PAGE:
People of the button

There’s an interesting little opinion piece in the New York Times today entitled ‘People of the Button‘, with an accompanying slideshow.  It’s an analysis of the ways in which American presidential candidates have used (or failed to use) Hebrew script on campaign buttons in an effort to appeal to Jewish voters, who are likely to be decisive in swing states like Florida. Of note:

Wendell Willkie in 1940 was the first candidate to make this sort of appeal, but in this case it was through the use of pseudo-Hebrew Latin letters that spelled his name (much like the pseudo-Chinese fonts used on many North American Chinese restaurant signs).   Apparently, also, it wasn’t very successful for Willkie!

The Gore 2000 buttons contrast ‘Gore’ with ‘Gore-nisht’ (Bush), a pun on Yiddish gornisht ‘nothing’.  I find it interesting, as a numbers guy, that the Gore button uses the Hebrew calendar year 5761 instead of 2000, but notates it in Western numerals, not the Hebrew alphabetic numerals commonly used in Hebrew calendrics, despite the use of Hebrew script for the candidates’ names.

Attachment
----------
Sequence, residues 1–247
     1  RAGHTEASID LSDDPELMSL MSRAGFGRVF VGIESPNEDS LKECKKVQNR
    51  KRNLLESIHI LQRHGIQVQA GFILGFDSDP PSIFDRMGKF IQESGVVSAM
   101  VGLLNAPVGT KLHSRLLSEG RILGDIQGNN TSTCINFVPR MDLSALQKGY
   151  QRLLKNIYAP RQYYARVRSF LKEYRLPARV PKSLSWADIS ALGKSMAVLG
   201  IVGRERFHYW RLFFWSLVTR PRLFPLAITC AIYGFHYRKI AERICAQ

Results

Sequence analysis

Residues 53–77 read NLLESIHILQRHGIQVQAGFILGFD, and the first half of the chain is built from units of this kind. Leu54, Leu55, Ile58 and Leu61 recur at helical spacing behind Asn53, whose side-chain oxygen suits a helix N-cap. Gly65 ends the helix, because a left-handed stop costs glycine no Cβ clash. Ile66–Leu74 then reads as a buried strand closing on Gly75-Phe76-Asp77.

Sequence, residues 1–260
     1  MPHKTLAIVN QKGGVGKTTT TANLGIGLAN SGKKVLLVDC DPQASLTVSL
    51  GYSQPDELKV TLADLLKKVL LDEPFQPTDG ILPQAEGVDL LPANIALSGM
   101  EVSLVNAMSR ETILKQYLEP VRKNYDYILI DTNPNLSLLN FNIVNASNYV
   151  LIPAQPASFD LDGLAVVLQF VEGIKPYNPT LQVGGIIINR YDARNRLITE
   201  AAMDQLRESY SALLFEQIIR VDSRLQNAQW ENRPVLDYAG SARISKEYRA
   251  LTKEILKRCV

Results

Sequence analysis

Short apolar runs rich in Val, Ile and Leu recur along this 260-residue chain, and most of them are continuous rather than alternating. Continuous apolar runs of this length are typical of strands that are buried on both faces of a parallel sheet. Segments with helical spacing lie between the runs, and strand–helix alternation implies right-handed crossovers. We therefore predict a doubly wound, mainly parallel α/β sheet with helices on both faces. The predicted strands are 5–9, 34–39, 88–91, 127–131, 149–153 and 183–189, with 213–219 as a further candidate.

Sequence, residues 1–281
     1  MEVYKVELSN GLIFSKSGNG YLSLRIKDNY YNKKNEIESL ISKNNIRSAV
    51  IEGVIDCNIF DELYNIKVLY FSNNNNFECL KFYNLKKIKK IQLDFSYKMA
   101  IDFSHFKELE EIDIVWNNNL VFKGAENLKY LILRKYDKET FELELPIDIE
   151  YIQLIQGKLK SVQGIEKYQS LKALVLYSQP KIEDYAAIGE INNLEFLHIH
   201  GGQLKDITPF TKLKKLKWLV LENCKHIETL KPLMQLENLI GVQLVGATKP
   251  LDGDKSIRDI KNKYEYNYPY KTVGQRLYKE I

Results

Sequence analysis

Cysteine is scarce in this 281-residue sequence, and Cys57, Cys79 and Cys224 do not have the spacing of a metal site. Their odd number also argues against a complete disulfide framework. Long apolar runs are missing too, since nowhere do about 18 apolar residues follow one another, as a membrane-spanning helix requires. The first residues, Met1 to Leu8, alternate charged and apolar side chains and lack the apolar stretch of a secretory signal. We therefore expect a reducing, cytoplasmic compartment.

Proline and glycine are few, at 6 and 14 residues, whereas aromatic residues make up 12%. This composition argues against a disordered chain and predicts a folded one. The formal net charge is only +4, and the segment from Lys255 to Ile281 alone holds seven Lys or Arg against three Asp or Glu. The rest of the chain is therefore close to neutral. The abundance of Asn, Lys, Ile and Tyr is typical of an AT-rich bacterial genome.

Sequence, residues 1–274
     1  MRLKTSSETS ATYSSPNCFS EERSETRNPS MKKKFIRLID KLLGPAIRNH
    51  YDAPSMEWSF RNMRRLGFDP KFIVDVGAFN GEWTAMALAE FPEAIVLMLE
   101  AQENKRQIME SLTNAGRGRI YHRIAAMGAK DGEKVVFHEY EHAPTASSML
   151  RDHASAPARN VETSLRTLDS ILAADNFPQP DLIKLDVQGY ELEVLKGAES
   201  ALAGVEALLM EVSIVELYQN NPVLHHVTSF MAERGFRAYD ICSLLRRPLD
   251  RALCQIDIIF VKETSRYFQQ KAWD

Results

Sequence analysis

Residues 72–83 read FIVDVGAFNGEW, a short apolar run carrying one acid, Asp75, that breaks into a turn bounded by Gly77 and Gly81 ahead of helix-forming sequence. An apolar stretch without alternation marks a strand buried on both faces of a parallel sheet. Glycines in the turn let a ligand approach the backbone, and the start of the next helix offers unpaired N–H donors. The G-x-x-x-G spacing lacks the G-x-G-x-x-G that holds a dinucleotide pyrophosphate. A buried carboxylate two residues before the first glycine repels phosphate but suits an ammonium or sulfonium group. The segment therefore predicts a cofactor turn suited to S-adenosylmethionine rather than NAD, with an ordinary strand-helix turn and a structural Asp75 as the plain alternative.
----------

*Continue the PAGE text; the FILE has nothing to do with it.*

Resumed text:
Barack Obama is the first candidate to print buttons solely in Hebrew script, in contrast with John McCain whose ‘Jewish-Americans for McCain’ is strictly in Latin script.  Obama has also appealed to Jewish voters in the past by pointing out that his first name (of Arabic/Swahili origin) is cognate with Hebrew baruch ‘blessed’.

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